Growing up and playing baseball in the Lower Mainland, every single road game was played on a field named after a Major League ballplayer. My summer league team would play at Larry Walker Field in Ridge Meadows, Justin Morneau Park in New Westminister, and we took the ferry to play at Ryan Dempster Field in the remote logging town of Gibsons, BC, at a park where the outfield fence was covered by weeds.
(Best 0-10 season ever, by the way)
One day, Langley, BC may be one of those players. Brett Lawrie was selected 16th overall in the 2008 MLB draft by the Milwaukee Brewers, and whaddya know, he is property of the Toronto Blue Jays; for now.
The Jays sent hard-throwing Shawn Marcum to Milwaukee in the deal. Marcum led all regular starters with a 3.64 ERA and a 1.15 WHIP while holding opponents to a solid .247 average. Not fantastic numbers, but nothing to scoff at, and his trade value is probably the highest it will ever be.
Lawrie had a .797 OPS and led the team in total bases with 250 with the AA Huntsville Stars last year. Those are solid power numbers that translate well into the American League and some of the AL East ballparks with long alleys in centre field. Since he's listed as a 2nd baseman, this has led a lot of Jays fans thinking it might mean Aaron Hill's time as a Toronto Blue Jay are up.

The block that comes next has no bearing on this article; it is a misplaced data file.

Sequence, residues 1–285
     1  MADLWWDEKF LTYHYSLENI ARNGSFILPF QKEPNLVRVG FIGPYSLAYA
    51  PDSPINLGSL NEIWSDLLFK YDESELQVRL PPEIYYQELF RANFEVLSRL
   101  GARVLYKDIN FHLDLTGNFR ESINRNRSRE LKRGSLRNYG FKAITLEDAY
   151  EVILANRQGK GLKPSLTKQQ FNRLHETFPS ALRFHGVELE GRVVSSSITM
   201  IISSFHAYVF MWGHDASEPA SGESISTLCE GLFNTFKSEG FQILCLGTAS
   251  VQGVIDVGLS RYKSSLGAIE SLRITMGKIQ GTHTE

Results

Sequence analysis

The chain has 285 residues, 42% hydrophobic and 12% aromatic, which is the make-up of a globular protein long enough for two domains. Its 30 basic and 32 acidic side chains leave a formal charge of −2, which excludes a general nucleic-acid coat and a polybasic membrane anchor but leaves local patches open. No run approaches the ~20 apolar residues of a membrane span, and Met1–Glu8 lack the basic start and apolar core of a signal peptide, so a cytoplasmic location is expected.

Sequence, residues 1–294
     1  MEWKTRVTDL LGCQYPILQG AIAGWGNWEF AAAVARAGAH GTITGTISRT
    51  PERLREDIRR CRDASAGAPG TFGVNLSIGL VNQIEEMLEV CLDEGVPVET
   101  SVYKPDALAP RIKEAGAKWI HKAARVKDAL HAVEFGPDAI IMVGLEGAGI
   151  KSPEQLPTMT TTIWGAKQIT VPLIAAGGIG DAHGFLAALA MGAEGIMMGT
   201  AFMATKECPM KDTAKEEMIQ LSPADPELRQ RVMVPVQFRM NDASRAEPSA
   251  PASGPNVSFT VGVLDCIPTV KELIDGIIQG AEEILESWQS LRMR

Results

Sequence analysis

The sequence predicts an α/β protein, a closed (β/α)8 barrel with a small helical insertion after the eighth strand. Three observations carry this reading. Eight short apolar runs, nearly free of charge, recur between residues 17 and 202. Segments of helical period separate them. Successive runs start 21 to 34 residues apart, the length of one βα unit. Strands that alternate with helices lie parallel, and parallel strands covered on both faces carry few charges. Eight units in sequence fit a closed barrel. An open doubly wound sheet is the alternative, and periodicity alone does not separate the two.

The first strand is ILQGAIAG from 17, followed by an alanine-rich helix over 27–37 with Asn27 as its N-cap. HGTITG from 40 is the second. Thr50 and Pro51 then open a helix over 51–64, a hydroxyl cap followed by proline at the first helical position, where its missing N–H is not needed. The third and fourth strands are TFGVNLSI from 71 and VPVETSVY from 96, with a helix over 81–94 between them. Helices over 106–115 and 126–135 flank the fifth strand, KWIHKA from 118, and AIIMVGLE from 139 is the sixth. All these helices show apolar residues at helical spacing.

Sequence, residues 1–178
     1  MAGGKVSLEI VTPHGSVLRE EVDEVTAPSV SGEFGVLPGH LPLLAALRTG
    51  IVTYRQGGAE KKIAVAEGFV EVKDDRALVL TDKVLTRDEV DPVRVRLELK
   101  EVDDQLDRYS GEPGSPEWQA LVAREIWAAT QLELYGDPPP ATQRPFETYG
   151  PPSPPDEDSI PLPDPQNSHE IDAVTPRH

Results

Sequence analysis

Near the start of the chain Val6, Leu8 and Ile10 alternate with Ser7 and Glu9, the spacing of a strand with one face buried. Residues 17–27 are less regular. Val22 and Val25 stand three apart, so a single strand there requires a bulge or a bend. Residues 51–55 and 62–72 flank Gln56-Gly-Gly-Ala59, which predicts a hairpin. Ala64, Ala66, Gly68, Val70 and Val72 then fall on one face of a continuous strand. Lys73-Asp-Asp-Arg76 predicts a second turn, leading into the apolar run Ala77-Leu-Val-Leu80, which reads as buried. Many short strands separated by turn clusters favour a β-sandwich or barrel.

a] Lawrie is not a natural infielder. He was drafted as a catcher, and, since it's the American League, can be put at DH or outfield. Hill had a rough go last year, but I'd bet on him and his $4 million contract to stay with the Jays,
b] There's no guarantee that Brett Lawrie will even stay with the Jays. Already rumours are circulating that the Jays might package Lawrie with a combination of prospects (Kyle Drabek? Travis Snider?) to get Zack Grienke from the Kansas City Royals. It's a move that Torontonians are used to, selling the future for a young star during a rebuilding phase.
As Joe Powlikowski notes over at Fangraphs, the Marcum trade ensures that the Blue Jays have an open spot in the rotation, which may be filled by either Kyle Drabek or Mark Rzepcynski, or possibly Grienke.
From a marketing perspective, the Blue Jays had low attendance last year, 26th in the league and 30th in terms of percentage, oftentimes playing in front of crowds that the Phoenix Coyotes would scoff at. A young Canadian on the roster injects life into that fanbase, and I think that, with the pitching staff rebuilding from within, it might be better to keep Lawrie around and debut him in the summer for a few games. He's no Stephen Strasburg or Bryce Harper, but Canadian fans love Canadian players, and this trade has been talked about over the past 24 hours and sparked interest in the Jays.